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How to Use Dandruff Shampoo for Blepharitis

Treating persistent blepharitis with a dandruff shampoo such as T/Gel often clears the redness, irritation and inflammation.

Blepharitis, inflamed eyelids, can be annoying as well as painful. It is frequently quite difficult to treat. The usual recommendation is to use hot compresses on the affected eyelid, but one reader found a simple remedy that works well.

Treating Blepharitis with Dandruff Shampoo:

Q. I have had awesome results with T/Gel for my rosacea and blepharitis. My blepharitis was so bad that my eyelid had cracked open. After one treatment it cleared up. I was amazed that my skin also felt softer and the redness faded.

A. Blepharitis means inflammation of the eyelid. When this is caused by yeast overgrowth on the skin, dandruff shampoo can often be helpful.

T/Gel, a coal-tar-based dandruff shampoo, discourages the Malassezia yeast that is associated with seborrheic dermatitis, dandruff and blepharitis. Like any shampoo, T/Gel can sting the eyes, so take care when using it on the eyelids.

You are not the only one who has found T/Gel helpful for blepharitis.

Patty offered her experience:

“I bought T/Gel and starting washing the whole eye area with it, and after two days the rash started to subside. It’s been about four days now, and it’s getting a little better every day.

“The T/Gel definitely hurts if it gets in my eyes.

“I don’t know for sure whether it’s the T/Gel itself which is working or just scrubbing really well. Once my rash is completely gone, I’m going to switch to baby shampoo. I understand now why using baby shampoo is recommended; if scrubbing is all that is needed, baby shampoo makes it possible to do that without it being so unpleasant that you’re tempted to give it up. Something I also wanted to share with others here is: I think what we’re hearing about ‘good hygiene’ is confusing. The thing is: a lot more than normal good hygiene is required with this. We’re trying to remove microscopic stuff from tiny folds of skin, in a really sensitive place, and it takes a lot of effort and time. But it’s working.

“I’ll do it for the rest of my life if I have to, as long as it works! That’s why I think it will be important to switch to baby shampoo. That pine-tar-oil stuff in T/Gel may be really effective, but hopefully isn’t necessary to maintain a blepharitis-free face.

“Also: after I do the scrubbing, my face feels super tight and dry and uncomfortable, and that’s where the soothing stuff comes in. I have three favorites, all from Whole Foods or a similar store: (1) jojoba oil, (2) a comfrey salve, and (3) a lotion with calendula. They’re all a little different, and I alternate between them.”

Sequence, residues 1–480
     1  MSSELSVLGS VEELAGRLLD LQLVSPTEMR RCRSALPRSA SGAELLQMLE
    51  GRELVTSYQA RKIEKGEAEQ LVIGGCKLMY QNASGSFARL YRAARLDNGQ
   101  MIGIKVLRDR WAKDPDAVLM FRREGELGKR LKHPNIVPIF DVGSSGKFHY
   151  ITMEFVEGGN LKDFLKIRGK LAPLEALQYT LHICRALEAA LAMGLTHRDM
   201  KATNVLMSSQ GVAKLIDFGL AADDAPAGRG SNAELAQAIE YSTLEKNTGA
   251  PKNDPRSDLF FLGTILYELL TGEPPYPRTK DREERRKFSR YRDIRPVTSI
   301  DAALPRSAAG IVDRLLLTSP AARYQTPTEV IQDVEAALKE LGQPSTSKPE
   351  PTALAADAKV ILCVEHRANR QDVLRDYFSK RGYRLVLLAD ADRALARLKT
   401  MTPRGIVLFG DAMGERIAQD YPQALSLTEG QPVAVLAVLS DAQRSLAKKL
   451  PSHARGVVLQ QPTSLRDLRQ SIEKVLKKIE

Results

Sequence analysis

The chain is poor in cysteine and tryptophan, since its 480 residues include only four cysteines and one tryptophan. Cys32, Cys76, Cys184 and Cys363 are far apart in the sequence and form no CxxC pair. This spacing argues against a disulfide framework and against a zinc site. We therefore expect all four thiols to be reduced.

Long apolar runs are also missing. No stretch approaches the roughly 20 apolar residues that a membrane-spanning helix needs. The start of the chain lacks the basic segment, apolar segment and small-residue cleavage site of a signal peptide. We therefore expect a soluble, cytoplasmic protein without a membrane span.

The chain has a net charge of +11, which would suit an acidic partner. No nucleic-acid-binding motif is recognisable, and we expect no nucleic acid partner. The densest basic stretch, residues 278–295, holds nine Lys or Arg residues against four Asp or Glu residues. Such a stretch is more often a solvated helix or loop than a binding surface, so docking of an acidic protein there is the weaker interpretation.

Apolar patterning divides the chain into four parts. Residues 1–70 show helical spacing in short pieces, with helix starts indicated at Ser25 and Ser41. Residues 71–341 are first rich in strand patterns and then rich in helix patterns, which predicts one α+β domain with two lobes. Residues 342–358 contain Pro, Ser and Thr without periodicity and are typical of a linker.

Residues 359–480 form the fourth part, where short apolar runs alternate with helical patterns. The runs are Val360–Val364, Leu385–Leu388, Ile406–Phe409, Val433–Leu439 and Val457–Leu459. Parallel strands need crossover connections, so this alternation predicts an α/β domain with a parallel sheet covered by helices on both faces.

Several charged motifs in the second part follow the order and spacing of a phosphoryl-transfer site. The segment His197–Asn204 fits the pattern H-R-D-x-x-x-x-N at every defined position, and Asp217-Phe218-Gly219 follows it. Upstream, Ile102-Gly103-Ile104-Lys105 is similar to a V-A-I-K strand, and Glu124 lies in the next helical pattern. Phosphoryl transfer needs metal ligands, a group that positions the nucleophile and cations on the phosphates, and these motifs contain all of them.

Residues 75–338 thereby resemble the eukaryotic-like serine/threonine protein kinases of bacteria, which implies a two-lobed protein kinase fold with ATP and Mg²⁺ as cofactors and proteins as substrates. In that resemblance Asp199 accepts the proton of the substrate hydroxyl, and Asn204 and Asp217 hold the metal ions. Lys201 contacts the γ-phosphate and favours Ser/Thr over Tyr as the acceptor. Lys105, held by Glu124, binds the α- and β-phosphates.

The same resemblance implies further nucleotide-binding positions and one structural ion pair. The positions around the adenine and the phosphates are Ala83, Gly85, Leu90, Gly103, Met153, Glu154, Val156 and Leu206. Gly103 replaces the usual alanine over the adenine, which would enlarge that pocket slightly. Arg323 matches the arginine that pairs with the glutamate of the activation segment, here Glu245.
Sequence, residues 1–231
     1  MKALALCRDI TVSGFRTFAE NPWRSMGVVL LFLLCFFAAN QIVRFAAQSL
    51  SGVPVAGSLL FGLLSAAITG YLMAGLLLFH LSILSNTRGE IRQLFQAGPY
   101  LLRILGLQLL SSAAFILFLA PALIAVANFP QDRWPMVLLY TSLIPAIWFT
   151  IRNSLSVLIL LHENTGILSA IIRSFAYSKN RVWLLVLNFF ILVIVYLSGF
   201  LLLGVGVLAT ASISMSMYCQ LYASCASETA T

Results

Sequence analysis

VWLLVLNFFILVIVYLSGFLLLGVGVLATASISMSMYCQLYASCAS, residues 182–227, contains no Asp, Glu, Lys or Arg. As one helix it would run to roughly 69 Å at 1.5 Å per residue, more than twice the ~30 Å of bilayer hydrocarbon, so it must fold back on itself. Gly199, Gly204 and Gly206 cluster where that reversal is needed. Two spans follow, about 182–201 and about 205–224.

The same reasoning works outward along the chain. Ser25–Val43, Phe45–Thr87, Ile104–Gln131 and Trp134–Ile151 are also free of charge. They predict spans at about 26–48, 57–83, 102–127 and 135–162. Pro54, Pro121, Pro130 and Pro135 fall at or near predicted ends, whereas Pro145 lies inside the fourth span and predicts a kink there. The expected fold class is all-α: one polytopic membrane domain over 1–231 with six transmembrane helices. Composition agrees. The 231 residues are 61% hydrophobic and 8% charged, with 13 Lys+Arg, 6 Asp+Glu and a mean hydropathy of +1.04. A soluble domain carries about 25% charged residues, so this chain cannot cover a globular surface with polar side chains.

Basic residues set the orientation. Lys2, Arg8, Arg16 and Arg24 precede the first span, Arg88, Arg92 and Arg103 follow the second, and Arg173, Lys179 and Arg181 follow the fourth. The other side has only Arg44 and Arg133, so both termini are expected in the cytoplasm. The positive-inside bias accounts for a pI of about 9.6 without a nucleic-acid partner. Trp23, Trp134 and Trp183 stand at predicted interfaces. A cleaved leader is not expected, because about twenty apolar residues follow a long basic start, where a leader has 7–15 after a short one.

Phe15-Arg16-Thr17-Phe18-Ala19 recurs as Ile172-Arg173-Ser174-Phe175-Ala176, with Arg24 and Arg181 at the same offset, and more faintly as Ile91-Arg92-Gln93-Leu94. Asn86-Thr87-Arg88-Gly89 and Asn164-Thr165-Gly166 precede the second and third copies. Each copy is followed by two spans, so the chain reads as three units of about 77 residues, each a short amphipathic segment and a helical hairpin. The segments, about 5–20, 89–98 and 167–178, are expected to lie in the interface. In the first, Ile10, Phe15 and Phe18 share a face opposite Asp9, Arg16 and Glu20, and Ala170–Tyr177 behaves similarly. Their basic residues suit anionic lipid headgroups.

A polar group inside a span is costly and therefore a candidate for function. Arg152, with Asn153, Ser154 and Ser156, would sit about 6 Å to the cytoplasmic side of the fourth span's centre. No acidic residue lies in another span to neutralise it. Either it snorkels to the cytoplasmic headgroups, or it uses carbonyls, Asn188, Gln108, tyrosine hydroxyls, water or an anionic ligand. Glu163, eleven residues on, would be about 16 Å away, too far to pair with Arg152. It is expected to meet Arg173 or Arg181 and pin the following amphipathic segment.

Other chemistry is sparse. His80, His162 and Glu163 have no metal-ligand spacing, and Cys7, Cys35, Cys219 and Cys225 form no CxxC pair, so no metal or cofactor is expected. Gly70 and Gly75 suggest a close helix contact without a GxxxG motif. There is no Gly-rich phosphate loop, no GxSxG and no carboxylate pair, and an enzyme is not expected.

Dandruff Shampoo Against Rosacea:

Rosacea is also an inflammatory response to yeast, bacteria or mites. People with rosacea suffer with red, sensitive skin that breaks out in bumps. This inflammation sometimes spreads to the eyes, making them red and irritated, and to the nose, which can become misshapen like W. C. Fields’s nose.

There are medications to treat rosacea, but many other readers agree that washing the face with dandruff shampoo can ease redness due to rosacea. Here are a few examples:

Readers’ Testimonials:

Clare wrote:

“I started using Selsun Blue over one year ago, and I have had no flare ups. Exactly the same as when I bought $100+ bottles of prescription sulfacetamide lotion. I don’t need to pay for a doctors visit every year to have her pronounce that I still have rosacea.”

KVS added:

“I have also been using the dandruff shampoo for my rosacea. It does work great and costs pennies! Prescription drugs from a dermatologist did nothing. I stopped using them and one day put a little dandruff shampoo on my face when I was washing my hair – what a nice surprise and so easy!”

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About the Author
Terry Graedon, PhD, is a medical anthropologist and co-host of The People’s Pharmacy radio show, co-author of The People’s Pharmacy syndicated newspaper columns and numerous books, and co-founder of The People’s Pharmacy website. Terry taught in the Duke University School of Nursing and was an adjunct assistant professor in the Department of Anthropology. She is a Fellow of the Society of Applied Anthropology. Terry is one of the country's leading authorities on the science behind folk remedies..
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